It’s only May, but Dick’s Sporting Goods Inc. is already looking forward to 2017.

While reporting first-quarter earnings that were down but ahead of internal guidance, the U.S.’s largest sporting goods chain lowered its outlook for the year due to expectations of significant liquidation activity in the months ahead. Earnings are expected to decline in the second quarter.

“The long-awaited consolidation is taking place,” declared Ed Stack, chairman and CEO, on a conference call with analysts.

The day before Dick Sporting Goods’ earnings release, Sports Authority revealed that it would be closing all of its more than 450 stores since it was unable to find a buyer in bankruptcy proceedings. Liquidation efforts had already begun at 140 locations Sports Authority had moved to close after filing in early March.

Stack also noted that Boston’s City Sports in December underwent a liquidation and California’s Sport Chalet in mid-April revealed it was liquidating all of its 47 stores. In all, the exit of Sports Authority and Sports Chalet will remove over 20 million square feet from the sporting goods channel, Stack noted.

He also hinted at other disruptions yet to come with “others evaluating strategic alternatives,” apparently in reference to Cabela’s move last December to hire financial advisors to explore a sale and other options.

“Although it’s a mess, it’s a great opportunity for Dick’s Sporting Goods,” Stack added. ”This environment will likely put short-term pressure on our business since there are over 200 stores within five miles of a Dick’s store that are closing and liquidating and over 350 stores within 10 miles of a Dick’s location.”

Stack noted that Dick’s Sporting Goods is already seeing better off-price buying opportunities from vendors due to the disruption but that’s expected to be overcome by margin pressures emanating from the ongoing and soon-to-come liquidation sales.

The liquidation sales at Sports Authority are expected to continue through August into the key back-to-school selling season. Stack also does not expect a bounce back in the fourth quarter, believing that the consumer may be a “little weary of sporting goods” after having stocked up on merchandise earlier in the year at the liquidation sales.

Dick’s Sporting Goods also has no intention to match those discount offers since being overly-promotional will only hurt the brand, Stack said.

“We will be patient and let them get through this liquidation over the next quarter and a half,” he said. “And beginning in 2017 we have an opportunity to take significant market share once the 20 million square feet of sporting goods retailers are gone.”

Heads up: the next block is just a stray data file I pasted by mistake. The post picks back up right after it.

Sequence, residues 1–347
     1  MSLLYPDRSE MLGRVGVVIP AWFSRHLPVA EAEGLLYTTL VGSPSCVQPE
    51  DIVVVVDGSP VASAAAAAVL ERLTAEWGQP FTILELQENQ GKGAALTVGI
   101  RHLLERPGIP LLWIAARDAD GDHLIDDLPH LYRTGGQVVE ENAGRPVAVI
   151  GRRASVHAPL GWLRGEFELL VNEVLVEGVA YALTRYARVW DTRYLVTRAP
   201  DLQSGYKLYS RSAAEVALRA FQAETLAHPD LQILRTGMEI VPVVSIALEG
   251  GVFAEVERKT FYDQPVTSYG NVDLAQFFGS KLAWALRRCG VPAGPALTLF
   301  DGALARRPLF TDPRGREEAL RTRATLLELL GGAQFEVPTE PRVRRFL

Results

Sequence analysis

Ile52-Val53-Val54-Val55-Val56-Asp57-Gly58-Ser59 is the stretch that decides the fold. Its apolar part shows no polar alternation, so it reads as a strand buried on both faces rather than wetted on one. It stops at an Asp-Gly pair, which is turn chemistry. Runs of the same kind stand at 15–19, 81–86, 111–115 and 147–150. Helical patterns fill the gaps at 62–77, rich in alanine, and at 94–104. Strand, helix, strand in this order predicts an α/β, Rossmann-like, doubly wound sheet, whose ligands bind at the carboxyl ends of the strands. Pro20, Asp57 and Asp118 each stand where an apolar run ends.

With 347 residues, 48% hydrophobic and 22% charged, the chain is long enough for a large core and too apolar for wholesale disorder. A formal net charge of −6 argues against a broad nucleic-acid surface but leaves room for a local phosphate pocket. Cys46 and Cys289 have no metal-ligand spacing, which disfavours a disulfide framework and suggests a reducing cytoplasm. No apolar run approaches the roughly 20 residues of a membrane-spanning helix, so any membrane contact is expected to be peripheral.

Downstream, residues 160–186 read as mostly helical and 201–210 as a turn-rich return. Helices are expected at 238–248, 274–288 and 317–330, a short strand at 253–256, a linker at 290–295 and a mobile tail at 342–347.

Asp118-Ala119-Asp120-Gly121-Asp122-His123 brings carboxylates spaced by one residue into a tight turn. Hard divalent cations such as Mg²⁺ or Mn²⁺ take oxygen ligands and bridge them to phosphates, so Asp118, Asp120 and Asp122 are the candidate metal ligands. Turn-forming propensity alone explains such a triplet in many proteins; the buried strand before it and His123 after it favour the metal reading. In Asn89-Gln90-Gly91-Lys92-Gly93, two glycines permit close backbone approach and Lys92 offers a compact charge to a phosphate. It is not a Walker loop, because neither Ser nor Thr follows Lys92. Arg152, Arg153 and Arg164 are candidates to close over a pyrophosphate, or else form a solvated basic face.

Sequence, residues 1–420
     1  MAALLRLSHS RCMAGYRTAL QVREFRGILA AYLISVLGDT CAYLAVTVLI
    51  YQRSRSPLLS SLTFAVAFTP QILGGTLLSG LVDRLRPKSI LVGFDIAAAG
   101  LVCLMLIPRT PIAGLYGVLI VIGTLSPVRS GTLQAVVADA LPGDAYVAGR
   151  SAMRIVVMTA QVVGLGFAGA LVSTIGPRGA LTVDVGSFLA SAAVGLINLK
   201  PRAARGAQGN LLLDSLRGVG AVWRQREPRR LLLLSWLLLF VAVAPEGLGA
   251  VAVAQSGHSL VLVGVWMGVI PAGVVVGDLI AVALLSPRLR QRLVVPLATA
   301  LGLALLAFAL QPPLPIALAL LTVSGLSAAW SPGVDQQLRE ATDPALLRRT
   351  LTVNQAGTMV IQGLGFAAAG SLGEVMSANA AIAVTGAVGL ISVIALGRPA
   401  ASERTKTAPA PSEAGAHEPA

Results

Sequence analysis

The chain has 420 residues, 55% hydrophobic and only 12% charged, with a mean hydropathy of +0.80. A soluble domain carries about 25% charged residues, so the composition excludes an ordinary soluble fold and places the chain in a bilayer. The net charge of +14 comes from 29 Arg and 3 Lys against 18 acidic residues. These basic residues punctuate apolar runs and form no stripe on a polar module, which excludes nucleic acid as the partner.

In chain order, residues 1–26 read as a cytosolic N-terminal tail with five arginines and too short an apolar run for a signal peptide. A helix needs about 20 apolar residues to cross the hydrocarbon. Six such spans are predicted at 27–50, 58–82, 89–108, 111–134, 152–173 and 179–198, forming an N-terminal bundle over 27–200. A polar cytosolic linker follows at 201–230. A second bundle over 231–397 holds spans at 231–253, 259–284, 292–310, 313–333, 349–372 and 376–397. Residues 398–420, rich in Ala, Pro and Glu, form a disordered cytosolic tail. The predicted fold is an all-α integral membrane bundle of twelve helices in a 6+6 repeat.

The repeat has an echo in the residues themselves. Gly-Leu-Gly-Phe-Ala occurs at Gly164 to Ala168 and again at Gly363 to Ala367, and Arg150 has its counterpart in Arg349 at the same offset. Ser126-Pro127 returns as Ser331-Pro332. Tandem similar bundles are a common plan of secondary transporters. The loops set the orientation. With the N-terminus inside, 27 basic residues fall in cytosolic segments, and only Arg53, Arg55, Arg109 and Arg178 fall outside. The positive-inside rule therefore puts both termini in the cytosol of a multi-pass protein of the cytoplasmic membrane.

In the long run, Stack said Dick’s Sporting Goods is poised to take “an awful lot of” market share from the stores that are within five miles of a Dick’s Sporting Goods store and “fair amount” of market share from the 350 stores within 10 miles of a Dick’s Sporting Goods store. Its online business is also expected to gain a boost from the absence of Sports Authority.

“Although there will be some short-term pain during this process, we are pretty excited about the long-term future of our stores and our business online,” Stack said. “We also have a very strong balance sheet with no long-term debt to help us through the consolidation process.”

Stack confirmed reports that Dick’s Sporting Goods is only looking to acquire 20 to 30 of Sports Authority’s locations and “will look at a couple of the Sport Chalet sites.” He noted that in trade areas where a Sports Authority is nearby, Dick’s Sporting Goods’ current store will likely benefit from “higher sales volume” and the company doesn’t “necessarily need more stores.”

In areas where Dick’s Sporting Goods is underpenetrated, Stack said many real estate opportunities are opening up with JCPenney, Kohl’s, Sears and Macy’s also recently announcing store closings. Stack added, “We are confident we will get sites in those trade areas eventually, and we think this is the time to be very patient out in the marketplace. So we’re not in any rush.”

He also said the company remains “very disciplined” around site selection, noting the risks of taking on a 10-year lease on a questionable location.

“You can’t fix bad real estate,” Stack said. “You can make a bad buy from a merchandising standpoint and you can mark it down and do whatever you need to do with it to get it out of the system. For bad real estate, you’ve got it for 10 years.”

But Stack said Dick’s Sporting Goods plans to be aggressive in marketing in the near-term to capture former customers of both Sports Authority and Sports Chalet. Said Stack, “We are in the process of executing plans to ensure a  meaningful portion of this market share comes to Dick’s Sporting Goods.”

In the quarter ended April 30, earnings slid 10.2 percent to $56.9 million, or 50 cents a share, exceeding expectations provided on March 8 calling for earnings in the range of 48 to 50 cents per share.

The company had given a soft outlook for the year due to the impact of approximately $50 to $55 million in investments to expand its full-service footwear departments at it stores, fund its partnership with the United States Olympic Committee and Team U.S.A., and the transition of its current third-party e-commerce business to its own platform. The retailer had also expected pressure from liquidation sales in the early part of the year from the 140 stores Sports Authority had initially announced it was closing.

Net sales for the quarter increased 6.1 percent to $1.66 billion. Consolidated same-store sales increased 0.5 percent, compared to a guidance of approximately flat to an increase of 1 percent. Same-store sales for the Dick’s Sporting Goods chain inched up 0.4 percent, driven by a 1 percent increase in sales per transaction and a decline in traffic of 0.6 percent.

Golf Galaxy’s comps increased 1.7 percent. First quarter 2015 consolidated same-store sales increased 1.0 percent.

Gross margins eroded 10 basis points to 29.86 percent of sales. Improved merchandise margins were more than offset by occupancy and an increase in shipping expenses as a percentage of sales due to e-commerce growth.

SG&A expenses increased to 24 percent of sales from 23.1 percent, primarily driven by higher store payroll costs as Dick’s Sporting Goods continued to invest to enhance the shopping experience within stores as well as higher administrative payroll and related benefit costs to support its planned future growth initiatives.